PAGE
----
what vegetables are the best source of calcium that my chickens will love. we give them eggshells & oyster shells, looking for more. Spinach, beet greens ... any other suggestions they will gobble up ?
I LOOKED IT UP WHEN I HAPPENED TO ME I GAVE THEM SCARPS EVERY SO OFTEN AND MY EGG COUNT WENT DOWN?!? UNLESS YOU GIVE IT TO THEM ON A REGULAR BASIS IT GETS THEM OFF TRACK FOR A WHILE AND THEY WONT LAY AS LONG AS YOU GIVE THEN NO GIVE THEN GIVE AND NOT GIVE AND SO ON. SO UNLESS YOU GIVE IT TO THEM ON AN EVERY DAY BASIS DONT DO IT!!! BUT OTHER WISE THEY LIKE CHEREOS AND HONEY BUNCHES.
All those in the cabbage and mustard families, especially collards and kale. Sesame seeds have about 1600 mg per cup. I add sesame seeds to their feed. They love them and it seems to add to the thickness of their eggshells. It is also cheap and available throughout the year. Most white beans, seeds and greens, including grass, have usuable amounts of calcium. Figs, peaches and apricots have some, too. Mealworms and soldierflies and most hardshelled insects have calcium.
There is also a relationship between phosphorus, salt and protein and calcium uptake/retention. Too much salt and protein means the chickens will have to consume more calcium. Too little or too much phosphorus, the same thing.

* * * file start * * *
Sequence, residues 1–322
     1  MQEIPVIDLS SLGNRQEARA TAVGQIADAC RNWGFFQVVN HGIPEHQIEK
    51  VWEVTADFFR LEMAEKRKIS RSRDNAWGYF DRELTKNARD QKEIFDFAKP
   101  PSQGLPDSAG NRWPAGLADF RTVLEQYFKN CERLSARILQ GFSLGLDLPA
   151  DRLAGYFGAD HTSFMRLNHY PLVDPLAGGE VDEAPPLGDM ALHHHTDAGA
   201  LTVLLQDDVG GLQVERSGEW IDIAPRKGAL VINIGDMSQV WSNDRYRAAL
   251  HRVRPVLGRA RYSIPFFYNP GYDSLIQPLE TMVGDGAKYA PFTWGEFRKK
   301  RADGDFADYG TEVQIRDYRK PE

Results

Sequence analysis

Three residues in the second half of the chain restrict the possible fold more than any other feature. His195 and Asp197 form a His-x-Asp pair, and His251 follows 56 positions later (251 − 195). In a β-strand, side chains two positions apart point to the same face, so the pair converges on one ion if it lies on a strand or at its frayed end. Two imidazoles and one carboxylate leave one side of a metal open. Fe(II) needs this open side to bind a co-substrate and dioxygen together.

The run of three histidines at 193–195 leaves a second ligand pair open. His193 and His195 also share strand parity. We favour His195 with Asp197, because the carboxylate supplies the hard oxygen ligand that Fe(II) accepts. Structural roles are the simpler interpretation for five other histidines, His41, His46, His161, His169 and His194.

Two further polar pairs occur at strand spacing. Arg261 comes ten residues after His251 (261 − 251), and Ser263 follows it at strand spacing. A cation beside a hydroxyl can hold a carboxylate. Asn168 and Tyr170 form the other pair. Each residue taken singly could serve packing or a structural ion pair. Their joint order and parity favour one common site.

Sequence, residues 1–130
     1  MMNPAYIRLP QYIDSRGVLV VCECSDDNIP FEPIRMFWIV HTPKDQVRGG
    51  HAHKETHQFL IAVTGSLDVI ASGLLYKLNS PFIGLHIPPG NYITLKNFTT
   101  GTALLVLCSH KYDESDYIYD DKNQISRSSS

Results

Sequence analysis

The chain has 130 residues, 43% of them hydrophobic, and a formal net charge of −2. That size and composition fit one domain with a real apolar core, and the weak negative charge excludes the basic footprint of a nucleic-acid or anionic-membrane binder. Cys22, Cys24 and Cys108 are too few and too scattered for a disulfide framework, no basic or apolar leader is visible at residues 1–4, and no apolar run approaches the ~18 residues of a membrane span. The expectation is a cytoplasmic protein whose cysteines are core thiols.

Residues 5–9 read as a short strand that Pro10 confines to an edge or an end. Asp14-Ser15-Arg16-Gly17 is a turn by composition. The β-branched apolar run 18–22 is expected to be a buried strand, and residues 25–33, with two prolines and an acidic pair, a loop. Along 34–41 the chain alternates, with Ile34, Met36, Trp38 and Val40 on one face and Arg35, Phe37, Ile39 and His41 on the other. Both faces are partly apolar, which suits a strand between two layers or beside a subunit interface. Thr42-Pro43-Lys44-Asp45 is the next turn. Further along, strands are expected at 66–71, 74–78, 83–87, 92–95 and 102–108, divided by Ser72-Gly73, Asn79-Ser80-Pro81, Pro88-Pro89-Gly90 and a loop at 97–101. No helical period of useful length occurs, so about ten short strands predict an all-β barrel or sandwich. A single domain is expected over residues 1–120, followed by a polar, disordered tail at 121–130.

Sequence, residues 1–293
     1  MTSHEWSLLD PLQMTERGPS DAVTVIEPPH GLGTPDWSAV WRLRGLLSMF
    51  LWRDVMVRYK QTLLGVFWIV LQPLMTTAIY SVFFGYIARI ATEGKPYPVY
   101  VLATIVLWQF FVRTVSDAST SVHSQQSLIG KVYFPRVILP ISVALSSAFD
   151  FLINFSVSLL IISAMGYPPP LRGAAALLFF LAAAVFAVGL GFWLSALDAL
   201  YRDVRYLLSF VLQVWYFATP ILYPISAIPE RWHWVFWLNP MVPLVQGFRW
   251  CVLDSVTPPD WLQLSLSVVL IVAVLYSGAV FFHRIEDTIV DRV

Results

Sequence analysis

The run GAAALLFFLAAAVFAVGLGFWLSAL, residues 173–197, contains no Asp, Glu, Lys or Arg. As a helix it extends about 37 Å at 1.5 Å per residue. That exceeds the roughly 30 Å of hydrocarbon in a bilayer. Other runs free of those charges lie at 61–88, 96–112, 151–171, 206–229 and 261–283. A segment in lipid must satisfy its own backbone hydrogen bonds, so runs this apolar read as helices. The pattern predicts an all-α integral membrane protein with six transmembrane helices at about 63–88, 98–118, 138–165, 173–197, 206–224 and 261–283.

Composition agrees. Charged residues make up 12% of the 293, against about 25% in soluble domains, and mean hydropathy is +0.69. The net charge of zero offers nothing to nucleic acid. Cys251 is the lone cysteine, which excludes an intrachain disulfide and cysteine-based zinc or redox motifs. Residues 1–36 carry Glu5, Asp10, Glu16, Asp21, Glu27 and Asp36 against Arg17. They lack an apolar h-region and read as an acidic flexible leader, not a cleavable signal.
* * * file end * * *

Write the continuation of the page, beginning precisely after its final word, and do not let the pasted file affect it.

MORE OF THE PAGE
I give mine access to greens, insects, fruits, calcium and phosphorus rich grains and seeds in addition to free oyster shell. They have never been eggbound and have hard shells.
I know this came up on my own calcium thread. It seems like many people here recommend spinach. I know I used to give it to my chooks. Maybe that was part of the problem. I always trust dlhunicorn, and she said no spinach.
For humans, oxalic acid is not as big as a problem as once thought. It seems that our digestive track can moderate some of the effects of oxalic acid. Not sure if this is the same thing for chickens. The good news is that oxalic acid is only a problem when it is consumed with a calcium source. It only binds with calcium while in the digestive track. It doesn't actually extract it from bones or cartilage. Too much protein, salt or phophorus, on the other hand, can have a negative effect on stored calcium.